Digital Magazine

Eliminating Bounce

On a Flexo Press There’s No Such Thing as Good Vibrations

By Garrett Taylor, SOMA US and Canada Sales Director

Although modern flexo presses print at such high speeds, there is still a phenomenon that won’t allow the operator to reach desired printing speeds or production of great work economically: press bounce. Bounce, or vibration, is one of the biggest challenges that we face in flexographic printing.

More common in older flexo presses, press bounce often happens when the plate hits and bounces off the substrate, and then returns to print. Most of us recognize this as banding. The lines will seem to show up across the web direction, but not necessarily in the same place on the design every time. Depending upon the graphic design, it could happen with all printing units, or may be visible on one color only. Very simply, flexo presses are less productive because the speed must be adjusted, or in worst case decelerated to avoid bounce.

Plate bounce could be caused by the working condition of the press, printing form design or repeat length. Beyond adjusting the press speed, there are a number of workarounds, but they are usually temporary. They include working with designs or imposing plates to reduce the effect of bounce, or experimenting with tape, the plates or anilox. Some people even suggest that special cylinders will help reduce bounce effects. Another possibility that could help is changing the doctor blades.

While reduced print quality is the immediate effect, often complete print failures occur. If this persists, it may even harm the printing system. Neither is desirable and, in the worst short-term scenario, the entire job may have to be reprinted. There can be increased wear of ancillary parts, which subsequently costs printers even more money in the long run. To make a long story short, bouncing makes printers lose money.

On the other hand, controlling bounce on a flexo press maintains job consistency — particularly when using high definition plates — at very fast speeds during the press run. It can also assure that the press can hold stable highlight dots with exceptional registration.

This opens the door for new print process ideas, such as expanded gamut printing —which, as we know, limits the need for washouts between jobs.

One obvious way to resolve bounce is to produce a press that is inherently stable. There are ways to do this with hardware and software solutions.

Everything is Solid

In terms of a printing press, there are several systems that can guarantee consistent printing — mainly mechanical press properties. Done right, they can guarantee maximum speeds and minimize bounces. Thus, it maintains dynamic stability during the printing process, resulting in a perfect dot, with exceptional registration.

Some presses are built with an important objective of reducing vibration in the print deck. It starts with a solid foundation. The best way is to build two cast-iron single-block side frames, where the complete side of the print module is cast, annealed, machined, painted and assembled as a whole. This provides optimal rigidity and damping capabilities. It may also have a reinforced insert for drum mounting. Printing unit frames are key press parts developed and designed with great emphases on optimal dynamics, rigidity and damping. Some of these frames can be nearly 8 inches thick in places.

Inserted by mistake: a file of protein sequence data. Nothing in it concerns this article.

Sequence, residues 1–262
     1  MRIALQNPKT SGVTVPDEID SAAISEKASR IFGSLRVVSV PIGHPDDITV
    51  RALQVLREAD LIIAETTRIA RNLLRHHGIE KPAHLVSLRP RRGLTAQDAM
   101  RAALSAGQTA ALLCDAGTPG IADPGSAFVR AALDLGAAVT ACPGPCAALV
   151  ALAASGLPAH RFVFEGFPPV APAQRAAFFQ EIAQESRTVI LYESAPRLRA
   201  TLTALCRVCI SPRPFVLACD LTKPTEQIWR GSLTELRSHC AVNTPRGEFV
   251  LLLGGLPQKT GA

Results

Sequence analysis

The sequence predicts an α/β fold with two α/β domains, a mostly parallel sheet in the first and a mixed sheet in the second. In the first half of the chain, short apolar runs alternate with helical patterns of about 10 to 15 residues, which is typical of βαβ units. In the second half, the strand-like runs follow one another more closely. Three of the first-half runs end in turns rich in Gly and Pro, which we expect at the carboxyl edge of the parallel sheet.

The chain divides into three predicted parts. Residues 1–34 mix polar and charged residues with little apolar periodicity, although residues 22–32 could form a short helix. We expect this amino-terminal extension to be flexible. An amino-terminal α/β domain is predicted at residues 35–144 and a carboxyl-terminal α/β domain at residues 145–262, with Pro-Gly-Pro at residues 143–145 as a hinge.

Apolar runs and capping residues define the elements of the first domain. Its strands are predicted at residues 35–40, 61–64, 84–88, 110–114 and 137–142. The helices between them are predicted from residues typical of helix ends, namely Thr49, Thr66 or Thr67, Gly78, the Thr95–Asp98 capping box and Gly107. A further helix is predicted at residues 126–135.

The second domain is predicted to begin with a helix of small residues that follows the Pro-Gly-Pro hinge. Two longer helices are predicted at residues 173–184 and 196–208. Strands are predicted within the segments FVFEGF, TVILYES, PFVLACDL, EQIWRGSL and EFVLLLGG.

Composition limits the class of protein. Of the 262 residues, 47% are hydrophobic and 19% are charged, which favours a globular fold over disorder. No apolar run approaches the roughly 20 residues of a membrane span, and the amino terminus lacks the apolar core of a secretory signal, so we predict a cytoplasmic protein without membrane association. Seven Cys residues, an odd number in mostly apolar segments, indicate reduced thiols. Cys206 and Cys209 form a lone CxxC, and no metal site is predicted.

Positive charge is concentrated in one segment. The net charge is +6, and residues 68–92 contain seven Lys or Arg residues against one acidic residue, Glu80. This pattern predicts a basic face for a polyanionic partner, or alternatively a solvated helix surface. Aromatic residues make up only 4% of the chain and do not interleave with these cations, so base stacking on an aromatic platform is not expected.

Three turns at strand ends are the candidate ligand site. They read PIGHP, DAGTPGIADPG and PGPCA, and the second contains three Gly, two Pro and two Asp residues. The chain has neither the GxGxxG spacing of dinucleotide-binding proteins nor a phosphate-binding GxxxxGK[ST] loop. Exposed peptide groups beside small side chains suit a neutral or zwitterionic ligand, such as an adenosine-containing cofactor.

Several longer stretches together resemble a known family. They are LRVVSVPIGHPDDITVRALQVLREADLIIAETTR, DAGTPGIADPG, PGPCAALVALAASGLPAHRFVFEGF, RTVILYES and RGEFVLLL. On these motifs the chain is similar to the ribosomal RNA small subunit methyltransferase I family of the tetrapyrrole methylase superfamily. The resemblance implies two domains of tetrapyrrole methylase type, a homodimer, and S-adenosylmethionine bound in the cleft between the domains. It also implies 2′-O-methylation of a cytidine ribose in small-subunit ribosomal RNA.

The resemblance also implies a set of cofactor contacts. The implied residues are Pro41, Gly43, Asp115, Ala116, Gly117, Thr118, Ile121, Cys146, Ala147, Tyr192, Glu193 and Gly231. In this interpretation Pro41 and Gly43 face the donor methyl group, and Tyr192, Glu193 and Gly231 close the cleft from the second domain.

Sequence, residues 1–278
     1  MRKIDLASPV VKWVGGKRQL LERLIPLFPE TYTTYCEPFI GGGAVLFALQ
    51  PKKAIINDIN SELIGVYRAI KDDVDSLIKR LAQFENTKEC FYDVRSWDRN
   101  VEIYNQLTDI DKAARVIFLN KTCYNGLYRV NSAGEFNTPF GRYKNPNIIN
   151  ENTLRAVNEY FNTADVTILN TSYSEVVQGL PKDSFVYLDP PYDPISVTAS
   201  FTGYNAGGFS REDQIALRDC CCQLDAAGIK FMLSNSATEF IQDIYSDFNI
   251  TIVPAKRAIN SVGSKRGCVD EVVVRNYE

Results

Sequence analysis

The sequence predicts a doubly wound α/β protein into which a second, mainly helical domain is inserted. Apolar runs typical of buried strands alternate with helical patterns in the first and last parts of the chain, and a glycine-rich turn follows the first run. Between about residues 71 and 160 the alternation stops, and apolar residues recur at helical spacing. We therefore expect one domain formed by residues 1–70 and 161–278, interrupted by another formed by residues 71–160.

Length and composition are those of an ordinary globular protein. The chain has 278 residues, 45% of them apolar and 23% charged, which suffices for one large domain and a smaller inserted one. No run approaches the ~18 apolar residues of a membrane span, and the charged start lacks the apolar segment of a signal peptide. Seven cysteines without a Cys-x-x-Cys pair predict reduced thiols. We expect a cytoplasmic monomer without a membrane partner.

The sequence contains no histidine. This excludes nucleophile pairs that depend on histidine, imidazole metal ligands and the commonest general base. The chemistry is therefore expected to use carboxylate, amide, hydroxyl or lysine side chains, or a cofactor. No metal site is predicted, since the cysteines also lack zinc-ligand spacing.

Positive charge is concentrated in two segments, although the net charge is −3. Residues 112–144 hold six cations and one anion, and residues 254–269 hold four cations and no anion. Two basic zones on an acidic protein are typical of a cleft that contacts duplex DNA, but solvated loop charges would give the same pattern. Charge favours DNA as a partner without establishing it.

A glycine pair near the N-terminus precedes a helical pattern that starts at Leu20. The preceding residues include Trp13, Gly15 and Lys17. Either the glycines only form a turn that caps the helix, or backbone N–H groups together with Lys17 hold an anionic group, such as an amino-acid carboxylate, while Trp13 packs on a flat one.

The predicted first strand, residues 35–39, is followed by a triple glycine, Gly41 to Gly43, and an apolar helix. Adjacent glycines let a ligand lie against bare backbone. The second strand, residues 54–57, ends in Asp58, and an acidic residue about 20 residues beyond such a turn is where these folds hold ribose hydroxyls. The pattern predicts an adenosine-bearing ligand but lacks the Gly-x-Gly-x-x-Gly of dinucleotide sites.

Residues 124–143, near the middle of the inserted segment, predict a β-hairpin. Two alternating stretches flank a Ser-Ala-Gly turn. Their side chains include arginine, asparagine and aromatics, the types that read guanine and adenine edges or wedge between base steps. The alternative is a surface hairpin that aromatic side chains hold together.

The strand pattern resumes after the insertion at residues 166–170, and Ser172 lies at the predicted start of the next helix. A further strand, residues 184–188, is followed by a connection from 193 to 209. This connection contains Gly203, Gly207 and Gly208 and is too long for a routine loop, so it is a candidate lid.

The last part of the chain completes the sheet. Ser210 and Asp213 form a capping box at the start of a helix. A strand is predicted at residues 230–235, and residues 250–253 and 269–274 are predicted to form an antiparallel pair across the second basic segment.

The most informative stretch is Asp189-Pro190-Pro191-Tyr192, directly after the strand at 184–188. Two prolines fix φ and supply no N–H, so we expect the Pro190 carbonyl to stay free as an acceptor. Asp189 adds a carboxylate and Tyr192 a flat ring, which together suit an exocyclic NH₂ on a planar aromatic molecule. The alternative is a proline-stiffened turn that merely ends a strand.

Decks with print and anilox cylinders can be designed with emphasis on firmness, precision and reliability. The bounce reduction capabilities of composite carbon fiber are well known. Innovative mandrel housings for the print and anilox decks can sit on a ‘slideway’ guide, positioning the printing deck design directly on the frame, and not a separate rail. This ensures that there is rigidity and minimum vibration in the printing decks.

With these features, a press can reliably and consistently hold highlight dots with perfect registration, minimizing bounces at high speeds. It also delivers optimum vibration damping for HD quality print.

Ready for a Tune-up

Flexo presses have become very sophisticated digitally. The drive mechanisms already analyze performance. Other components include software that tunes the drive motors to minimize the bouncing effect while reaching perfect registration.

Using a specially designed software algorithm performed during job set up, print properties are analyzed and the bouncing effect can be minimized for each particular design. It takes into consideration the dynamic effects of the bridge, the sleeve, the tape and the design itself. This leads to less vibration and bounce while reaching better registration.

It’s quite a revolutionary technology that can bring control of printing stability to higher level of precision. By addressing the majority of concerns for bounce, this assures exceptional quality — at extremely fast speeds.

This is, of course, the ultimate objective of a flexo press — outstanding quality at extremely productive speeds. It helps a package printer deliver eye-catching products for the shelf, while offering quick time-to-market without the fear of re-dos. That will promise good vibes to the brand owner.

About the Author

Garrett Taylor, SOMA US and Canada Sales Director, can be reached at This email address is being protected from spambots. You need JavaScript enabled to view it.. Learn more about SOMA, producer of flexographic printing presses, plate mounters, laminators and slitter rewinders at www.Soma-eng.com.